What are some of the benefits of rehabilitation?
Your physician might write you a prescription for rehabilitation if you’ve recently undergone orthopedic surgery, if you have a chronic degenerative condition — like certain types of arthritis — or if you need to heal after an injury. It might seem inconvenient to head to rehab a few times each week, but it’s essential to your recovery. Rehabilitation helps:
- Prevent blood clots
- Improve joint mobility
- Increase muscle strength
- Improve flexibility
- Restore full range of motion
- Prevent future injuries
How long will I need rehabilitation?
It depends on your needs and how quickly you recover. Most patients start out by coming to rehab two to three times each week for at least a month. As you continue to gain strength and mobility, you can gradually cut back to one to two times per week. You continue to decrease your therapy sessions as you improve. But you should expect to go to rehabilitation appointments from two to six months or longer, in some cases.
Is exercise part of rehabilitation?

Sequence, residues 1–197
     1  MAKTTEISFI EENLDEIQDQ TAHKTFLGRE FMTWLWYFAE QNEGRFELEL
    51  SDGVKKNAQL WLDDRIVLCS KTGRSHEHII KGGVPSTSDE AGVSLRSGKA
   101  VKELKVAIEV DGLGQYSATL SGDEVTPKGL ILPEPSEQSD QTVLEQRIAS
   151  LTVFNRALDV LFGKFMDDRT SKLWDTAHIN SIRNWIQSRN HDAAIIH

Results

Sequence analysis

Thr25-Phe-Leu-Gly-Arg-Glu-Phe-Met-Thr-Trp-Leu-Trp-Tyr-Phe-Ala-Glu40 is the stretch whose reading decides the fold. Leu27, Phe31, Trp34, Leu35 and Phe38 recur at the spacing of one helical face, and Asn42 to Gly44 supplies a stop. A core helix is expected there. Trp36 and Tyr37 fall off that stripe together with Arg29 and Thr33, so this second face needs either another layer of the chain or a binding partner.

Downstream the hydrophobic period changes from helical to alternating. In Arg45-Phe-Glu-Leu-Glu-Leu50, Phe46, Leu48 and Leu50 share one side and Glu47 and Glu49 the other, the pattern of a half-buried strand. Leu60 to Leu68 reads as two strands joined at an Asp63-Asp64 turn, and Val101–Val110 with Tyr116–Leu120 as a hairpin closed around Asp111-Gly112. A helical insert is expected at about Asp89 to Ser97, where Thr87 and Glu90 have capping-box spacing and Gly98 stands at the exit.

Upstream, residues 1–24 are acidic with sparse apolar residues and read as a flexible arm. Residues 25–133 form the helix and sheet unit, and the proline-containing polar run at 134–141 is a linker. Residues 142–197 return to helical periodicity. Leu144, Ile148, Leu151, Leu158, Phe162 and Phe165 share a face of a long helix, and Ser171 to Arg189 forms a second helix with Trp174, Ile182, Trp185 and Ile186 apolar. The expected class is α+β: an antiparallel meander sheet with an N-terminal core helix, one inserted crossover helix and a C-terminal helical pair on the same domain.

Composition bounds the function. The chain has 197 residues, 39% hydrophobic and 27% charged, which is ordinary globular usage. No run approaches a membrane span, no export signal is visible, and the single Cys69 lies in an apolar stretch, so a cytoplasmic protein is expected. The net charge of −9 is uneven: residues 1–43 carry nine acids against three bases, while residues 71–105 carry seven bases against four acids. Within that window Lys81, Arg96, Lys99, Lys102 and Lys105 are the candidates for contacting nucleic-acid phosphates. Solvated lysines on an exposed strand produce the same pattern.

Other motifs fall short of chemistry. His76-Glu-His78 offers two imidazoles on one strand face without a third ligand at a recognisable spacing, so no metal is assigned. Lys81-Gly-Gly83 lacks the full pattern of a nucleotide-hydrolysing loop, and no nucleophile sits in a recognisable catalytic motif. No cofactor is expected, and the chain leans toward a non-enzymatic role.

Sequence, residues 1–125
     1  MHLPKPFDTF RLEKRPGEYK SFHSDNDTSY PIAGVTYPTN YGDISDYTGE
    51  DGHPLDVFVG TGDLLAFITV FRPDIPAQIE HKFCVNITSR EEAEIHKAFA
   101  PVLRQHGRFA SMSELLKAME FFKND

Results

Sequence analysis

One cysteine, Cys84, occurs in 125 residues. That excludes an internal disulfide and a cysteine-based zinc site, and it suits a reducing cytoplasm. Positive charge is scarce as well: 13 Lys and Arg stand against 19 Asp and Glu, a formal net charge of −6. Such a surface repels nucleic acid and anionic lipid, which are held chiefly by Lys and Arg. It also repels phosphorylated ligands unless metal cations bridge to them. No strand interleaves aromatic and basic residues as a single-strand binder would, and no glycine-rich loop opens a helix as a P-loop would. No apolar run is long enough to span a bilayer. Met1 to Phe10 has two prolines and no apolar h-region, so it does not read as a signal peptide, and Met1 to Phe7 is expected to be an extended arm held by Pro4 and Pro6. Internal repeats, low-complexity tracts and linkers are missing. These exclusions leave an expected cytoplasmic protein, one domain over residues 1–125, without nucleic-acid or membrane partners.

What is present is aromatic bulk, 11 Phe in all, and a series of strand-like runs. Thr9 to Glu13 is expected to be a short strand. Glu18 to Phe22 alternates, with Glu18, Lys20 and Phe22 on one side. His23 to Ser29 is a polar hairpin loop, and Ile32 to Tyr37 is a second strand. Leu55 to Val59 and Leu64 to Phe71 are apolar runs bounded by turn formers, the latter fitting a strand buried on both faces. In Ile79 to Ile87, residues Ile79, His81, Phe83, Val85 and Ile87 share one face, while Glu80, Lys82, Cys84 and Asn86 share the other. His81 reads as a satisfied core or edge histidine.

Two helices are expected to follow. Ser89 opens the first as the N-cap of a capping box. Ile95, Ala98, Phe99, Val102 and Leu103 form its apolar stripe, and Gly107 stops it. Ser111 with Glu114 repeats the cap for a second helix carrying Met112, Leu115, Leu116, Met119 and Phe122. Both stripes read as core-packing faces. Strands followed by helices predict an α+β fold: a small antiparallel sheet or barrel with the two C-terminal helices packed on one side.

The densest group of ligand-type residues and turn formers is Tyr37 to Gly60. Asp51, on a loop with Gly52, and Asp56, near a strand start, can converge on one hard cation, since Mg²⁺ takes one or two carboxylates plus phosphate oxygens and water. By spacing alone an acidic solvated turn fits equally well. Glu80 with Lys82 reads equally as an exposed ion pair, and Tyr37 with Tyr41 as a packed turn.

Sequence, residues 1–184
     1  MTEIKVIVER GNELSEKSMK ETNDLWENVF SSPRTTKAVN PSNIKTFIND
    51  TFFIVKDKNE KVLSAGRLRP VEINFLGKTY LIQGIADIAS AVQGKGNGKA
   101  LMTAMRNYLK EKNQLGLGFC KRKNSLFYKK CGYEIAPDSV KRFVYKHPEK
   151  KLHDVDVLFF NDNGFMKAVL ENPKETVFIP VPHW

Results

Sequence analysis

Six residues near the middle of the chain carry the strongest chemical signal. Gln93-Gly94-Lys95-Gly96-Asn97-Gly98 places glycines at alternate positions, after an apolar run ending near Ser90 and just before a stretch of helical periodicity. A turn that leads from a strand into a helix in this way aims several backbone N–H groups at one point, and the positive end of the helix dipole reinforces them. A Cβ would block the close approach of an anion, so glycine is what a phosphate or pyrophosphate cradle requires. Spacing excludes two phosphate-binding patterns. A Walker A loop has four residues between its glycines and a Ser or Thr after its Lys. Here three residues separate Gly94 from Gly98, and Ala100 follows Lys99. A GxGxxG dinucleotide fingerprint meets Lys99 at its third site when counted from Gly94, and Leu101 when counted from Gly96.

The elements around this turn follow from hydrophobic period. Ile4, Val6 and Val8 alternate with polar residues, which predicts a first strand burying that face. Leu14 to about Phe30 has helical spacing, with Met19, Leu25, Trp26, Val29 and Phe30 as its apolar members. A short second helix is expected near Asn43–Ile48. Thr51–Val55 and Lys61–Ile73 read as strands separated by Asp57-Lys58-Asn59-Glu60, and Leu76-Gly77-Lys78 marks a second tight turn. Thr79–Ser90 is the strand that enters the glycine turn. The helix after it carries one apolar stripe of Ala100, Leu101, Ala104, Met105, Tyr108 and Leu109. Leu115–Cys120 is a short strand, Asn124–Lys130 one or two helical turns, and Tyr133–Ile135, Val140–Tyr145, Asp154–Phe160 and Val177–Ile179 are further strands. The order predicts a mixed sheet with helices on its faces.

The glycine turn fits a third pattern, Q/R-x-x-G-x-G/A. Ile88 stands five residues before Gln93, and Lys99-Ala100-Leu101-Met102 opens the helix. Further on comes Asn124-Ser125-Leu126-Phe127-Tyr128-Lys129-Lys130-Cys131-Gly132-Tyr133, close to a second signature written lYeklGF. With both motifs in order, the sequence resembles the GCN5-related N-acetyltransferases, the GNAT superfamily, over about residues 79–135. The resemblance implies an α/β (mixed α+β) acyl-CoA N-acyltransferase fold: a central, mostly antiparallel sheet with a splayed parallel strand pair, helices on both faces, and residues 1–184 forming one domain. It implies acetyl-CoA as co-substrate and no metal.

Yes, but it’s not the only part. Your rehab plan is tailored to your specific injury, as well as to your progress. In the beginning stages, when you’re in the most pain, you perform passive or static exercises. These are gentle movements made by your therapist, meaning they gently stretch the area for you.
For example, if you recently had rotator cuff surgery your therapist lets you relax while they move your arm around for you. These exercises promote flexibility and mobility, without straining the fragile area. When you’re ready, you start learning some exercises on your own. Your therapist teaches you both flexibility and strengthening exercises, and ensures you have proper form with each movement.
You also work on ways to get back into your normal routine at home and work, while learning tricks to improve pain and inflammation between visits. Each session generally includes some sort of soft tissue treatment such as electrical stimulation therapy, ultrasound, massage therapy, cold laser therapy, or simply applying heat or ice packs to minimize inflammation.